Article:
The Egyptian men in this picture are waiting and hoping for some construction work. The photo was taken about two weeks prior to the current period of unrest. These workers likely earn no more than 100 Egyptian Pounds per month, probably less. This is about $20.00 for an entire month of back breaking labor.
As I watch the coverage of Egypt it sounds like many pundits and politicians are saying that the demonstrations in Egypt are a result of religion or religious extremism. When I was there, I did not see any evidence of this. Most Egyptians I met are proud to be Egyptian, proud of their heritage, and accepting of religious differences. For example, a bomb killed many people attending New Years eve Mass at al-Qiddisin Coptic Church in Alexandria, Egypt. The Egyptian Government reported that the bomb was set by external Muslim terrorists. Perhaps it was external terrorists but equally and arguably more important was the fact that the next day, thousands of Muslims (many of them members of the Islamic Brotherhood) demonstrated support of the Coptic Christian Community.
The Egyptians I met are more concerned about feeding their families than they are about religious differences. One friend earns about 600 Egyptian Pounds (EGP) per month, or around $100. He and his wife, his two sons and his daughter live in an apartment not much bigger than the hotel room where I sit writing this note.
Most Egyptians love America and Americans. But they don't understand why the US and other Western democracies have supported the dictatorship of Mubarak. They wonder why we support a man who would be reviled if he lived in the US simply because it suits our national interests. They are envious of our freedom and prosperity and they want a chance to achieve the same. They are hungry for the chance to build a modern, multiracial, multicultural, religiously tolerant nation.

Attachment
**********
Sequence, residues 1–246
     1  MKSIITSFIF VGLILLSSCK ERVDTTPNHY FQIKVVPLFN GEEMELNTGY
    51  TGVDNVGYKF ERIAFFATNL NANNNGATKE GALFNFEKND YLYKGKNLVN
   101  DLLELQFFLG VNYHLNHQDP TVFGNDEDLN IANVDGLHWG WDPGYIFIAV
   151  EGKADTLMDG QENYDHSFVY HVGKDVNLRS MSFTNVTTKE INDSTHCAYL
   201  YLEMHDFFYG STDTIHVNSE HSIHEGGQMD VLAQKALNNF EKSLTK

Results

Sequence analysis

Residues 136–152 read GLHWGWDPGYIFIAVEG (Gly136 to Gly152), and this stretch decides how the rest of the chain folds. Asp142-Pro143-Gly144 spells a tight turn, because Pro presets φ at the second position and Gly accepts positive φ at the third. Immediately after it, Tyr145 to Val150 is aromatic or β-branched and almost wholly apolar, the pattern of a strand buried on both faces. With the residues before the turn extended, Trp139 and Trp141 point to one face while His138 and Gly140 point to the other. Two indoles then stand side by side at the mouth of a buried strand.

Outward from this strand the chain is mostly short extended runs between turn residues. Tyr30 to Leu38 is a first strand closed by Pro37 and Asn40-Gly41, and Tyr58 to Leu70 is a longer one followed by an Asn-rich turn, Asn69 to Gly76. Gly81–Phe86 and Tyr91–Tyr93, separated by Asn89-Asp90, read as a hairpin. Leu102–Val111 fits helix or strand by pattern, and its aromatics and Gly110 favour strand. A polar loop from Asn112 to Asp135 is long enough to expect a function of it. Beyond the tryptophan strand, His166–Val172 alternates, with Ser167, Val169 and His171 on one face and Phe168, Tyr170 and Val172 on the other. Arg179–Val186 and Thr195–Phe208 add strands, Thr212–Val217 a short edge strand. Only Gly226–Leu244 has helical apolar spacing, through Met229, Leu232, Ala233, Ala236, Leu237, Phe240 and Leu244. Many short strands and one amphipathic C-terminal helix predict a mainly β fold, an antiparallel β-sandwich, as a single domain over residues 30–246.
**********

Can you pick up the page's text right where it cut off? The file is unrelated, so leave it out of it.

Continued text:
While it is true that extremists of all kinds exploit poverty and social unrest, it is important to remember that hunger and a lack of hope open the door to radical ideas and beliefs. I am worried that many in the news and on Capitol Hill are screaming that Egypt's troubles are a result of terrorist groups like Al Qaeda. Some say the Islamic Brotherhood is a terrorist group despite the fact that Al Qaeda hates the Islamic Brotherhood for its push for democracy - something that Al Qaeda and many other terrorists believe is anti-Muslim. Blaming Egypt's problems on religious differences is a lie. The unrest is not about an effort to spread Sharia law, it is about not having enough to eat and not having the right of self-governance without outside interference. I hope we keep our eyes on the facts and are not swayed by those who want to exploit our fears for their own personal power and gain.
I hope we keep our focus on the Egyptian people and how we can help them, rather than dwelling on our own political motives and fears. If we help the Egyptian people achieve freedom we will establish a solid foundation for a long term relationship. If we continue backing Mubarak against the will of the people, or attempt to cloud the issue with our own fears of terrorism, Al Qaeda and other groups like it will win. They will win without lifting a finger as we run away from a people seeking the same liberties that we run the risk of sacrificing due to our fear of terrorists.